These questions began to take their toll because, whilst I’m very open about who I am online, I still wasn’t totally comfortable in real life situations being a queer guy who’s married to a woman. So I found myself reverting to the old habit of ‘passing’ as straight to avoid the funny looks or the probing questions. And I fucking hated it. I’d spent most of my life pretending to be someone I wasn’t, and it felt like I was still hiding even after risking everything by coming out.

I’ve attempted to explain my situation a thousand different ways to a thousand different people, but I’m not sure any of them really get it. All I know is that I’ve been through an awful lot of shit over the course of my adult life – some soaring highs and some desperate, crashing lows – and the one person I’ve always known I can rely on to be there, without question, without equivocation, is my wife. 

We laugh a lot. Sometimes we cry. We take the piss out of each other mercilessly. We argue, but not very often. We mourn our departed pets like they’re members of our family because that’s exactly what they are. We celebrate each other’s victories as though they were our own, and commiserate on each other’s failures to an equal degree. We lift each other up during times of hardship, and appreciate the good times all the more for it. We drink wine and go for walks, though not usually at the same time. We share common values and work together to instill them in our son, who we’re certain will one day turn out to be a fine young man. So whereas we might not have ended up together had I had the courage to be honest about who I was when I was 20, I feel like it’s an awful lot to throw away now I’m pushing 40.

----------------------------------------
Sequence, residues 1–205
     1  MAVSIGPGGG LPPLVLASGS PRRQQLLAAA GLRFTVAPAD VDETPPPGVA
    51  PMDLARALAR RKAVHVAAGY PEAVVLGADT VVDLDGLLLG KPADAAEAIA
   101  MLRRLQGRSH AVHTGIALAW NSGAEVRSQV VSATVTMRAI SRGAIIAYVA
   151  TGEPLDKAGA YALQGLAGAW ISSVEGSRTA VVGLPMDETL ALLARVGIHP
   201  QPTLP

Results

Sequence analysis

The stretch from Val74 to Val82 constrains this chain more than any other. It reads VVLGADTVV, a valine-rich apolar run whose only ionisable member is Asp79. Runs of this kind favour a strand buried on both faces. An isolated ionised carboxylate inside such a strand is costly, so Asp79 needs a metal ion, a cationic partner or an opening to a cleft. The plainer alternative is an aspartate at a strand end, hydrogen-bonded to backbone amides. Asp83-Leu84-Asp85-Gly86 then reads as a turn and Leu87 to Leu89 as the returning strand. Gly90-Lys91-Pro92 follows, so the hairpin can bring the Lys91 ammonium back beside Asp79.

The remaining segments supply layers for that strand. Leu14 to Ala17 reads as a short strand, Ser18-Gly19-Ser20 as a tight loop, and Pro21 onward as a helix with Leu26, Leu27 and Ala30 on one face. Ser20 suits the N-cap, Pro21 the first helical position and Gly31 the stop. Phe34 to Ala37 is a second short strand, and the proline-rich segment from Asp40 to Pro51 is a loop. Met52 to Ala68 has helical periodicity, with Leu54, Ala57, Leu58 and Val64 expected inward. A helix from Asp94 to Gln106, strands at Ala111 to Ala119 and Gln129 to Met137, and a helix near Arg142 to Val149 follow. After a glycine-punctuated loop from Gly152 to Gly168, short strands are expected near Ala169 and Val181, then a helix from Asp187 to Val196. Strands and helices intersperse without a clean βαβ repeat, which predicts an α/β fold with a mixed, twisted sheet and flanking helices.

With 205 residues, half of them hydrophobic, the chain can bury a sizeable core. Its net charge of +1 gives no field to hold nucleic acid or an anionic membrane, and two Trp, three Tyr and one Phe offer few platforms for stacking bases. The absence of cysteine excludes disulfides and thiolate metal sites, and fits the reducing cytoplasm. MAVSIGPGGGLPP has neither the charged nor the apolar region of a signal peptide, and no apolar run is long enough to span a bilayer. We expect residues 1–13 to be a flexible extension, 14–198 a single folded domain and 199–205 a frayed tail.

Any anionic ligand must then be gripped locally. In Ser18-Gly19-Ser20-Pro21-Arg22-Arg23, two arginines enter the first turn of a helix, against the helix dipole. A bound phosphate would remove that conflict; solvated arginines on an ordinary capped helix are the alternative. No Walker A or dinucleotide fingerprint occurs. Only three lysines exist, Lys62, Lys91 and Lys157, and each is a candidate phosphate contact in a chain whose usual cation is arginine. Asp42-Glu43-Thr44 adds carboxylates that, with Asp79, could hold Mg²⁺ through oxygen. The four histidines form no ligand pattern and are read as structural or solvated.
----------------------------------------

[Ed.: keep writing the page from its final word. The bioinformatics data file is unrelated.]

I realise I’m rambling now, but I wanted to provide a little context to the statement that this last year has been what you might describe as a little bit really fucking awful for me. On top of the stuff I’ve already mentioned, my son was hospitalised in quite a dramatic and somewhat traumatic fashion in February/March, and I also endured the most stressful house purchase/move it’s possible to imagine shortly after that. There have been times over the past 12 months when it’s fair to say I’ve been in a bit of a state.

I’ve suffered some pretty horrible bouts of depression going back several years, and I waited far too long to seek treatment. When I did eventually decide to get help, I had to battle with the gatekeepers of my local NHS trust’s mental health services in order to be allowed access to even a short course of counselling. I know I’ve said it many times before, and I will no doubt say it again a million times in the future, but fuck every single member of this uniquely fucking evil government.

Anyway, after I had finally secured the treatment I needed, I started having some therapy earlier this year. I don’t feel as though I got the best out of the sessions as my anxiety was off the fucking chart with the house stuff, but it definitely helped. I don’t even think my therapist was particularly amazing at dealing with my particular issues, but just being able to talk to someone impartial was a huge positive for me.